In 2019, Offbeat offered a programme of support for six artists, all at early stages of their careers.
Each artist was given tailored support in dramaturgy, marketing, travel, accommodation and technical theatre – and each had three performances at the festival to develop audiences and work on their show.
There was spoken word and music from Channie B, a VR experience from Electrick Village, a poetic play from Rowan Padmore. Thomas Page Dances brought an intimate dance duet, Plaster Cast created a radically queer dance party, and Ashanti Wheeler-Artwell presented her first one-woman show.
Life is terrifying for nearly 25-year-old Ashanti. She has no idea what she’s doing.
Unemployed, trapped in her childhood bedroom on a permanent Netflix binge, and attempting to avoid the inevitable “when are you getting a job”? Until a chance arrival encourages her to try and subvert the quarter life crisis and finally find a socially-acceptable answer to “but where are you really from?”…after just one more episode.
Ashanti is an actor, writer and poet. British Vogue is her debut play.
“These are our bodies. What do you see?”
Two transgender performers say f*ck you to the binary, and invite you to their radically queer dance party!
Set in nightclubs, Sound Cistem is an exuberant dance show about the cisgender gaze on the transgender body. Through riotous, glittering disco, shame is rejected and a self-love manifesto made. Unafraid to punch hard, Sound Cistem asks you to see the beauty in these bodies: and your own too.
Plaster Cast Theatre is a Manchester-based exciting emerging company of young creatives, passionate about making politically-engaging theatre.
Responding to Bren Gosling’s ‘Moment of Grace’ two performers explore what it was to be gay in the 80s when the UK was full of fear and ignorance. An intimate duet moving through themes of paranoia, intimacy and oppression. The work also gives thanks to those who made it possible to say “HIV is no longer a death sentence.”
Thomas Page Dances is a contemporary dance company presenting the work of artistic director Thomas Page. The company's work is rooted in socio-political ideas.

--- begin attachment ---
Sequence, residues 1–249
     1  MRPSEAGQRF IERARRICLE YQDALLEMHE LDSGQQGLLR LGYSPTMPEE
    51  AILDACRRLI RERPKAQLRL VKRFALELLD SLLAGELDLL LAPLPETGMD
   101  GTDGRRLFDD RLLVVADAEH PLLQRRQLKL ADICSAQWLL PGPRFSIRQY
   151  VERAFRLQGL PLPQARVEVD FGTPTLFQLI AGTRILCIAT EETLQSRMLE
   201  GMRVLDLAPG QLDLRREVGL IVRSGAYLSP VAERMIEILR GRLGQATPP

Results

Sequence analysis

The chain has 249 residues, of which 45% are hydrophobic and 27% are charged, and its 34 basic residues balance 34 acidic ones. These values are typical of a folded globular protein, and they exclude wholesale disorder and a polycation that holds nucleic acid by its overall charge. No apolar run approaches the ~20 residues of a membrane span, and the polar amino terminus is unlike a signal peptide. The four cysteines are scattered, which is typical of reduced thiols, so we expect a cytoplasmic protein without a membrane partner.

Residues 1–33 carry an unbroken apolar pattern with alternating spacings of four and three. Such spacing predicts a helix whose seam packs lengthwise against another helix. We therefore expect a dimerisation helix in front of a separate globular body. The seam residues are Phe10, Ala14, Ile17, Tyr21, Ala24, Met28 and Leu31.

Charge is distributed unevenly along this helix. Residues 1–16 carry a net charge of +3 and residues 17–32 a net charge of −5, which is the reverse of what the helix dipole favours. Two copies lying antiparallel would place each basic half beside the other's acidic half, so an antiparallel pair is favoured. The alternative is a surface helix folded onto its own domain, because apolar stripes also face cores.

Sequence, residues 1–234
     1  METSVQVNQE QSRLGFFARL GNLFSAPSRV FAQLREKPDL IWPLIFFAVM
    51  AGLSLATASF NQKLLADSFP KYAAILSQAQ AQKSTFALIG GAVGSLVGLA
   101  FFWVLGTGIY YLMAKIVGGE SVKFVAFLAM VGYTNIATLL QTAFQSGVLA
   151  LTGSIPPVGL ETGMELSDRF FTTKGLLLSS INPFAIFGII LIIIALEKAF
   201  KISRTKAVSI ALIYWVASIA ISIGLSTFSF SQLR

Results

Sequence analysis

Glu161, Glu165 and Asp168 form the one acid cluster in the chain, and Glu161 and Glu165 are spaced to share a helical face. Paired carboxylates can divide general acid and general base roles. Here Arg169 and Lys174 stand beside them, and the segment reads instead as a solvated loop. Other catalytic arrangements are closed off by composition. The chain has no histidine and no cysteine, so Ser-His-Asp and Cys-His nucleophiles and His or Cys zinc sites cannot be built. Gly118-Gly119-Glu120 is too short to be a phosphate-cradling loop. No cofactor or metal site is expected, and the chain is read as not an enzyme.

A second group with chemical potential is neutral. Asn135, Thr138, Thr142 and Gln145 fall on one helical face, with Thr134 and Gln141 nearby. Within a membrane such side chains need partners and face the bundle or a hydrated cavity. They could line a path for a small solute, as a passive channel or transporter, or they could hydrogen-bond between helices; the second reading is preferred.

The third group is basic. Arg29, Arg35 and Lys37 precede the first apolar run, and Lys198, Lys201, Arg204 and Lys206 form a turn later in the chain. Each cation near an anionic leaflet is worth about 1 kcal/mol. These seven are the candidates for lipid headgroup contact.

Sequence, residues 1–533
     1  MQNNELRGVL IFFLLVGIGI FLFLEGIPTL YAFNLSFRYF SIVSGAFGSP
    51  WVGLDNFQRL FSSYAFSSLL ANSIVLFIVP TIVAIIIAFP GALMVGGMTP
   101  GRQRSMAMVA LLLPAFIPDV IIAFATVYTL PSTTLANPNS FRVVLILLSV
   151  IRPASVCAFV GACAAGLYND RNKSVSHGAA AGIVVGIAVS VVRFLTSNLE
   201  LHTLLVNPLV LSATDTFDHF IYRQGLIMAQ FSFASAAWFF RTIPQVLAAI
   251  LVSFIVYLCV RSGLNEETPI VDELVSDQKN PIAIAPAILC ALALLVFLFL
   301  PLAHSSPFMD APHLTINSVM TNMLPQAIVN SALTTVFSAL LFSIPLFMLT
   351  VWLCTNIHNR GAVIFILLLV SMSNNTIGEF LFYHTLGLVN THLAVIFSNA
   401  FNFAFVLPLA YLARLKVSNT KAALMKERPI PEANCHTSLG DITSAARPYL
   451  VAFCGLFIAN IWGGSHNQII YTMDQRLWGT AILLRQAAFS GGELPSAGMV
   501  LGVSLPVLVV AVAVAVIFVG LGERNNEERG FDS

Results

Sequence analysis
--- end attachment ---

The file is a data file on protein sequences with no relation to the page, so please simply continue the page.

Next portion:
Morecambe, a northern seaside town, is struggling to survive just like its inhabitants. Mandy’s avoiding her Uncle Rick’s dodgy dance moves. Sarah’s watching a festival she’s never been to on the telly. Albert’s spending the little time he has left down the pub. And Stanley’s run away from school. But will anybody notice? Does anybody care? Run Stanley Run is a new poetic play written and performed by Rowan Padmore, about bereavement, loss and loneliness.
Rowan is a writer and performer originally from Lancashire and now living in Oxford. She writes, rhymes and rants words about life and those that live it.
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Electrick Village create immersive virtual reality (VR) experiences that blend the use of 360 degree video with live, sensory-stimulating elements.
Surge is all about stereotypes. It is about prejudice and discrimination. It is about how you see others and judge them on race, class, religion and sexuality. It is a show that hopes to challenge your perceptions, stripping you of what you think is true and reminding you of the potential you have to change your ideas.
Channie B is a performance artist who specialises in photography, videography and the research of race politic and stereotyping within our modern day society.